I can see the confusion, but my answer is no. And for one simple reason: I do not style my children. I do not want other people to notice and decide that my kids are "cute" or "stylish". I do not pick out Lillian's clothes and dress her in the morning. She has a closet of dresses and a drawer of pants and shirts that I have bought with my above concerns in mind, and whatever she puts on is up to her. My children are their own people, they are not highlight reels of my life I want others to watch.
Here's my other disclaimer: I don't live in a low-income part of town. We live in a part of town where the majority of people appear to have average to above-average income levels. This is important, because the desire to have kids look a certain way seems to me to be the preoccupation of a group of people who want to reputationally seem 'above average'.
I first noticed this alarming trend of "Instagram in real life" when Lillian decided she wanted to take ballet class. Two Christmases ago I was trying to bore her to bed, so I turned on the Nutcracker. I assumed she'd lose interest and trail off to bed on her own so that I wouldn't have to haul my pregnant ass off the couch and deal with her.
I was wrong.
She watched the entire ballet, transfixed. She was hooked.
We waited it out to see if it was a fad, but she persistently danced and pranced and twirled and whirled her way through the months until Dan and I decided to put her in a class. Every Saturday morning I go to the studio with her, and sit in the waiting room while she and her fellow dancers stomp and crash and rattle the ceiling above my head. They are so graceful. It was about a month into dance when Lil asked me, as we were driving home, why she wasn't allowed to also wear a tutu to dance.
"Because the newsletter said your costume is pink tights, pink shoes, a body suit, and no tutu."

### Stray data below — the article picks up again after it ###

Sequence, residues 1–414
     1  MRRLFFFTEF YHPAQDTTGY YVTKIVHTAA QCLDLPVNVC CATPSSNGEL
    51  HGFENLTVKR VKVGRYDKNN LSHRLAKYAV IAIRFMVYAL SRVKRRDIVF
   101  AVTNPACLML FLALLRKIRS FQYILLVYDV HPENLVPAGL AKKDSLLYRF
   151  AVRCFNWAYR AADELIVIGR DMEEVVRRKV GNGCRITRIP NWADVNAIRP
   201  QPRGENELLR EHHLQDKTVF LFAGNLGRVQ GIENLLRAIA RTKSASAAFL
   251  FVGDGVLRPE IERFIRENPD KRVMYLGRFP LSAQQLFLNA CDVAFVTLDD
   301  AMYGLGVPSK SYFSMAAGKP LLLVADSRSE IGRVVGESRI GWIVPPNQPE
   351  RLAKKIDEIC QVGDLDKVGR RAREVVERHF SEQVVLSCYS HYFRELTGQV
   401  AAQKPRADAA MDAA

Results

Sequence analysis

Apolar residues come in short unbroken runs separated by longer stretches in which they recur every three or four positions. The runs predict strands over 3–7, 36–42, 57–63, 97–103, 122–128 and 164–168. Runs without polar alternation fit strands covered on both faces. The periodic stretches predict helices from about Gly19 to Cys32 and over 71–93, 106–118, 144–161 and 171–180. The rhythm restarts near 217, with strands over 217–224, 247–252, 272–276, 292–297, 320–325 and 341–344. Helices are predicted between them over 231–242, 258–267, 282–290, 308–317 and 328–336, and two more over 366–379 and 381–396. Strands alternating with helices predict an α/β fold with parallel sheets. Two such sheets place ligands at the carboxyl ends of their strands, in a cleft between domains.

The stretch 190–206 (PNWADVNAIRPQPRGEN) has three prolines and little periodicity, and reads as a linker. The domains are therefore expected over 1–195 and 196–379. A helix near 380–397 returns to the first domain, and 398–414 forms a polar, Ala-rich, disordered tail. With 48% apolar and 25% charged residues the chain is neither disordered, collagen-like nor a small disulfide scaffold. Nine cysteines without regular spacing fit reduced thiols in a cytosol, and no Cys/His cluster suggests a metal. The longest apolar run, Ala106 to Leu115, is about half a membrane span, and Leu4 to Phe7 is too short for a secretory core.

"But [x] and [x] and [x] and [x] all wear tutus."
So I paid attention the next week, and yes these kids were all in enormous tutus despite the uniform requirements. "Doesn't anyone read anymore?!" I wondered. But then I really started to pay attention. One mom styles her daughter's hair into a 'messy' bun at least five times every Saturday morning until it is 'perfectly' messy. Then she puts some new hair piece in, and takes her kid's pictures and immediately uploads it to Instagram. Quite a few of the kids have multiple ballet outfits complete with leg warmers, little cardis, hair ribbons, and tutus. They all get their pictures taken multiple times before every class. That's when it struck me: these people don't care if their daughter *is* a ballerina, they just want her to *look* like a ballerina.
Then I started seeing it everywhere.
Toddlers wearing leather harem pants, slouchy beanies, and Ray Bans. Kids eating only organic snacks out of their tiny bento boxes. Moms referring to themselves, amongst their peers, as "mommies" who love having special "mommy moments" with their kids. Who climb into their 'family car' the Lexus or Audi or, if they must drive a mini-van, the Honda Odyssey. They are living curated 4x4 lives out in the panorama of ordinary life, and their kids have become their major lifestyle token.
Don't get dirty! No juice boxes, we don't eat sugar! Organic!These are the buzzwords (hashtags) humming around my local playgrounds.
But what does it mean to the kid when their parent is in such tight control of their image? Their parents are the controlling image? How do they build a narrative for their own life if their parents will only allow what will aesthetically fit into a 4x4 frame? How do they grow into their own people, within such a box?
And to the parents, why does it matter so much? Why is it important for your kid to be styled to match the house and the car and manicure and the golf-course you need in your life? Children cannot be the new status symbol. It's too much pressure.
Our lives already are worth a lot. We don't need them to look like they're worth a lot.